Bunbury cancels his last goodbye due to the severe pain in his throat
In February, he wrote a lengthy statement during his Mexican tour, explaining the reason for his vocal cord problems
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Spanish singer Bunbury, former leader of the legendary band Héroes del Silencio, could not fulfill his wish to say goodbye to his fans from the stage. In a surprising statement released in the early hours of Sunday, May 15, the singer announced the suspension of his final tour that he scheduled in the U.S. and Spain.
After completing only two performances in the United States, his painful throat problems forced him to make the most difficult decision. Tens of thousands of fans will be left with the desire to listen live to hits like "El extranjero," "Alicia," "El viento a favor," "Lady Blue" and "El club de lo imposible" for the last time.
In February, he wrote a lengthy statement during his Mexican tour, explaining the reason for his vocal cord problems. Then, he specified that the concerts that were pending until September 2022 would be the last ones of his career. Unfortunately, he was unable to complete the tour.
“From the moment I leave my house and trips and shows begin, I feel a compendium of symptoms and pains from the morning until the moment I get on stage. I have heard different names and diagnoses. The reality is that my throat closes up and irritates, and my airways make even the slightest exercise and execution of my work difficult,” he wrote.
What was once a pleasure and delight has become "an immense source of pain and suffering."
Born in Zaragoza, Bunbury spent most of his life dedicated to music. At the beginning of the farewell tour, everything seemed to be going smoothly. The first shows in Atlanta and New York "were fabulous, both on the part of the public and on our part, I think I can say with some pride."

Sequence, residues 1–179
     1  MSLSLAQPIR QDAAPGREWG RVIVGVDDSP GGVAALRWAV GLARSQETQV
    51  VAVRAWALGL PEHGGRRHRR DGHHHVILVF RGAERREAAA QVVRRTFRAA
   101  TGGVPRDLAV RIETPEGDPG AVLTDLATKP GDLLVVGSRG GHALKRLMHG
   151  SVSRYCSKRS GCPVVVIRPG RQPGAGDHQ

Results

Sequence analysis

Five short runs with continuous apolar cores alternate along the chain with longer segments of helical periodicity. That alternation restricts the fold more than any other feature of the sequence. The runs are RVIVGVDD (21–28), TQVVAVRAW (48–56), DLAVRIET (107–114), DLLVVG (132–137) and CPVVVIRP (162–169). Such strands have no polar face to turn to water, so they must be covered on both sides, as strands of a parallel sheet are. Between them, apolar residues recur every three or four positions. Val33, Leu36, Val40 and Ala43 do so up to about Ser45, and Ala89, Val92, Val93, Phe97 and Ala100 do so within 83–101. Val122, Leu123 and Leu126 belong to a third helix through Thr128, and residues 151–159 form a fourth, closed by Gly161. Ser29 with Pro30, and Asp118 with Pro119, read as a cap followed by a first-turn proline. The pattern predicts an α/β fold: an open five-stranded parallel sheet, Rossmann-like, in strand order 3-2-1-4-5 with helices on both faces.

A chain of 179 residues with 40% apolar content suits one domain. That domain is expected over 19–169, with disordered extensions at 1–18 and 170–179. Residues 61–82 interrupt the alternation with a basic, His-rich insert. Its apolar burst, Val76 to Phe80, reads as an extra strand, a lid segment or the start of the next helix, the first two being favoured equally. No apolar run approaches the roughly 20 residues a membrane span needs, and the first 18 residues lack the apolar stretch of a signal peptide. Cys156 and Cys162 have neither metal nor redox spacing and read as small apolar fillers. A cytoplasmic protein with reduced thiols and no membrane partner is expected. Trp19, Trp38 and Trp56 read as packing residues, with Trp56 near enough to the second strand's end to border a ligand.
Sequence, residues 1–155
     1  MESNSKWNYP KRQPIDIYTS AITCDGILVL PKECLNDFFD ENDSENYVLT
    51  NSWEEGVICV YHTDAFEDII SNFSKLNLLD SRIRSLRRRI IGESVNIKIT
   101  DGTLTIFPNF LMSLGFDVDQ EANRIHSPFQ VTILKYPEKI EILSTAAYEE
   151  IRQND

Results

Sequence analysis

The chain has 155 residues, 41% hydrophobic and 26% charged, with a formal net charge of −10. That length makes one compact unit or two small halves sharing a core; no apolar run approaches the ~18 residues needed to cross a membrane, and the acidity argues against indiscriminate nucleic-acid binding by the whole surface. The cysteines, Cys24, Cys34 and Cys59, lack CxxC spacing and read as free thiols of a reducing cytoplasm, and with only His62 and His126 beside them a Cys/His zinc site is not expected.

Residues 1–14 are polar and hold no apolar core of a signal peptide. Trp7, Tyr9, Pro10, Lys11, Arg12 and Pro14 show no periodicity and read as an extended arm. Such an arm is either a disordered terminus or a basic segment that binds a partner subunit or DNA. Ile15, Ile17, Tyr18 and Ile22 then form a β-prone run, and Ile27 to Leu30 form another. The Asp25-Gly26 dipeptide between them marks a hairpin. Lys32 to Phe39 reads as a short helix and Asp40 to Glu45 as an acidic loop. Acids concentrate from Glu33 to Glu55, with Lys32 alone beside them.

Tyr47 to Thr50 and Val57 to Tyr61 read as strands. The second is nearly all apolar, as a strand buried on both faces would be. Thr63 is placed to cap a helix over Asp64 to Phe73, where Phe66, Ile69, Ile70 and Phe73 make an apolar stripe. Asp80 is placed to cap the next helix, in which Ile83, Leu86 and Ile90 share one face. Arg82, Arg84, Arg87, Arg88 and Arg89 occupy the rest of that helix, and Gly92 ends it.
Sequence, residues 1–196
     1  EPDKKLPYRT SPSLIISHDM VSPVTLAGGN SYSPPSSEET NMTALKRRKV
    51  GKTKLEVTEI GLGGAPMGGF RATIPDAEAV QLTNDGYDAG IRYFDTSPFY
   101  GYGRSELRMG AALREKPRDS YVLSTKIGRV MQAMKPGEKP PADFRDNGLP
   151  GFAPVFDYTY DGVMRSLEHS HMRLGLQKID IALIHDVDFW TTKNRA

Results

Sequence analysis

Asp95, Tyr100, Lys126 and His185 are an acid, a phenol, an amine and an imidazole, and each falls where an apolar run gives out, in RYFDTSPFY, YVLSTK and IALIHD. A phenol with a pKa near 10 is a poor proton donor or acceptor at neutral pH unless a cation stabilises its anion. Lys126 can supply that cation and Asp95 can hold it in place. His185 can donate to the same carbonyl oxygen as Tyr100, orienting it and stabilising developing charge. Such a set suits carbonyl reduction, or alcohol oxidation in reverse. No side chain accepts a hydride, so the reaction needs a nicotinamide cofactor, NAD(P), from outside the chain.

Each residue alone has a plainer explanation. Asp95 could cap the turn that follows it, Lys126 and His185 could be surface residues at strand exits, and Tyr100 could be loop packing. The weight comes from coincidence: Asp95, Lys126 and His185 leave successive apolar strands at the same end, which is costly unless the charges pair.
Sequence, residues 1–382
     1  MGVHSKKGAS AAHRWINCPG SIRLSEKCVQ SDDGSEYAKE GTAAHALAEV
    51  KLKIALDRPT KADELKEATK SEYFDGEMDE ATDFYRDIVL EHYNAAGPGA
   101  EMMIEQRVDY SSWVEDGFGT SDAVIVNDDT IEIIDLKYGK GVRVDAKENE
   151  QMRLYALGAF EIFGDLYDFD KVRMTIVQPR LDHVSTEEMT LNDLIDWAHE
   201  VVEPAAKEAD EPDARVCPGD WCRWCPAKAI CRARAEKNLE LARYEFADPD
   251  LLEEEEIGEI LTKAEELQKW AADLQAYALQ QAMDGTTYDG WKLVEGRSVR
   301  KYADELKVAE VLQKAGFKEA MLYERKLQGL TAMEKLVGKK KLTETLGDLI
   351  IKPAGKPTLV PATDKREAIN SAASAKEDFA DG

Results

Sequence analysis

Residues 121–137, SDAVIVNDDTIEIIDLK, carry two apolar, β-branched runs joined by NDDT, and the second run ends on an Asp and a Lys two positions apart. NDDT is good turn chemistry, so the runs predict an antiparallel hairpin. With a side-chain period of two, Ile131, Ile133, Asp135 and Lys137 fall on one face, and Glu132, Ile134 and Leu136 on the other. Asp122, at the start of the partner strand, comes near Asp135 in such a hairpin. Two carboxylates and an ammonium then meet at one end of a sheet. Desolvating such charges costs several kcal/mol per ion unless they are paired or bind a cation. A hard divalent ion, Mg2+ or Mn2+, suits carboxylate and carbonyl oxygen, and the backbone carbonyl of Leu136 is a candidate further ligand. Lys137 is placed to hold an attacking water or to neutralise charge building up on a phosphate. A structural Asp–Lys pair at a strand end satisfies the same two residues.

But the good feelings didn’t last long.
Despite having scheduled the concerts with enough time to rest, when he moved to Chicago, he realized he couldn't sing any more. His last sentence on stage at the Kings Theater in Brooklyn was "don't forget about us, forever." The more than 3,300 attendees could not believe his words, which foreshadowed that Bunbury would never perform live again.
With deep sadness and frustration, the Spanish singer did not want to continue postponing shows. Since his tour in 2015 and 2016, concert cancellations were a constant. With the forced break of the pandemic, Bunbury felt renewed energy to resume his activity, but it proved to be an impossible task.
“My throat and breathing problems increased, and what I thought was going to be controlled, is completely out of my hands and desires. With all the pain in my heart I have to anticipate what I already saw imminent. It is impossible for me to do more concerts,” wrote the singer.
Those who bought tickets to his shows will be refunded with the paid amount, and wait for Bunbury's promise to be fulfilled. He assured that he would continue composing music and poetry. The great dilemma is whether his battered vocal cords will allow him to re-enter a recording studio.